Four Good (?) Reasons to Contest a Will

Maybe it's the season, but I have gotten a lot of calls recently about will contests.  A will contest usually happens when your heirs are surprised by what your will says, or by what you have left when you go to the great beyond.  I have represented both heirs and estates, and in all cases there are some big misunderstandings about the reasons you can challenge a will.  And no, being disappointed is not a legal cause of action.

First, this post is an except from my new book Plan Your Own Estate:  Passing on Your Assets and Your Values Legally and Efficiently (Apress 2013).  Want to know more?  Click the link and 350+ pages of fun (I swear) estate planning knowledge is yours!

Sometimes, the heirs are surprised because something hinky is going on. Mom said all her life she was leaving her assets equally to her kids, yet daughter Donna took Mom to her lawyer and Mom suddenly (6 months before she died) named Donna sole beneficiary.

More ofter, when your heirs are surprised by what your will says, it could be they thought they were getting something, and you intended for them to get nothing.  If that's the case, make sure you are super clear about your intentions.  When you aren't, quite a good deal of money could go to defending your will.

From Plan Your Own Estate:  Passing on Your Assets and Your Values Legally and Efficiently (Apress 2013).

 

Four Reasons to Contest a Will

The good news is that, despite what you see on TV, there are only four limited grounds on which to contest a will:

·         The will wasn’t signed in accordance with state law. All the way back at the beginning of this book, I harped on how important it is to have a will properly executed under state law. If a will fails to meet the very stringent execution standards, then it won’t be deemed to be a will. If it’s not a will, it can’t transfer your property at death. This is one of the biggest areas of concern I have with using an online service or do-it-yourself estate planning—if you don’t get the signature section right, you don’t have a valid estate plan. This has led to many a person believing that they have a perfectly valid estate plan—but instead leaving their heirs in for a very nasty surprise because the will wasn’t executed properly.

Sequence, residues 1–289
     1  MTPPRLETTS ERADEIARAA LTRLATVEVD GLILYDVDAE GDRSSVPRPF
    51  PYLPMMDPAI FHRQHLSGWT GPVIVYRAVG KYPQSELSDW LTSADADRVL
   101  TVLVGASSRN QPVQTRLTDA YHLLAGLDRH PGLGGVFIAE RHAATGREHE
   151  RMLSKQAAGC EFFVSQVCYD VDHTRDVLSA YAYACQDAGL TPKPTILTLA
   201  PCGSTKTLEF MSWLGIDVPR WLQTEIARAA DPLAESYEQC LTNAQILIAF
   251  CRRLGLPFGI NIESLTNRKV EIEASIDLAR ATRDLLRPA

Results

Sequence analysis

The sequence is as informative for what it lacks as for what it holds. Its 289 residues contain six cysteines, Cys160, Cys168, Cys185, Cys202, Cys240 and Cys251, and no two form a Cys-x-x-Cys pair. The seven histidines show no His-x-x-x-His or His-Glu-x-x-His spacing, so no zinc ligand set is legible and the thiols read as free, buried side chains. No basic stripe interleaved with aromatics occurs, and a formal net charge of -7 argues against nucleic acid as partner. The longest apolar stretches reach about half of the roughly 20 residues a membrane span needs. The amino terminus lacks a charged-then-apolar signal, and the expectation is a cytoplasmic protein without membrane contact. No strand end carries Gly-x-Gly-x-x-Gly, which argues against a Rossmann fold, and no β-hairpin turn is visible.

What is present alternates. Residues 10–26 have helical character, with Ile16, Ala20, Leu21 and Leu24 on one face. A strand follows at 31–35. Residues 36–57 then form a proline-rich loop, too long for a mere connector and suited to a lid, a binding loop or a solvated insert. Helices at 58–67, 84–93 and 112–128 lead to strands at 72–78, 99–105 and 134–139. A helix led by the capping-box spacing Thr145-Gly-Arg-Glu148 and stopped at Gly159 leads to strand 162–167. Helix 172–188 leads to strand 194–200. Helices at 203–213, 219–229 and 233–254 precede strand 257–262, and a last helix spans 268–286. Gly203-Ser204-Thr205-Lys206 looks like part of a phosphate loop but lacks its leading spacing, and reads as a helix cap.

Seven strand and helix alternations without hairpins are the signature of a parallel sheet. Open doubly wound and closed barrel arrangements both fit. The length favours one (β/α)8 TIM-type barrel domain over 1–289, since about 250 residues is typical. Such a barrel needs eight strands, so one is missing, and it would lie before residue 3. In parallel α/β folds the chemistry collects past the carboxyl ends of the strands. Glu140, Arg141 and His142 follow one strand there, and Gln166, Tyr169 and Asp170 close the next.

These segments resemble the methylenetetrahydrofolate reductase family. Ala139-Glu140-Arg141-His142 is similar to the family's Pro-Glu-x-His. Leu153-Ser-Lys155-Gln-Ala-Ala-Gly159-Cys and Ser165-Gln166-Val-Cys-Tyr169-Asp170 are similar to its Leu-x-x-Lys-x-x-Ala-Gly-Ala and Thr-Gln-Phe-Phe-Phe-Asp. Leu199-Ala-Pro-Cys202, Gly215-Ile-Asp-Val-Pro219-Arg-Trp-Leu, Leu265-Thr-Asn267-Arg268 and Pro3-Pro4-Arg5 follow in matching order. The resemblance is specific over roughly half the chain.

·         Lack of testamentary capacity. This invalidates a will on the grounds that the person executing the will was incompetent to do so at the time they did it. You most often see this issue raised regarding an older person who modifies their will and removes some people who were beneficiaries under a prior will. The fact of the matter is that the level of capacity required to execute a will isn’t very high; it’s actually lower than the level of capacity needed to execute a contract. In essence, in order to be competent to execute a will, a person needs to know (1) the nature and value of their assets, (2) who would receive their assets if they didn’t have a will, and (3) the legal effect of signing the will. Someone would have a long road ahead of them to prove you didn’t have the capacity to execute your will. It’s hard to come by historic evidence of lack of capacity.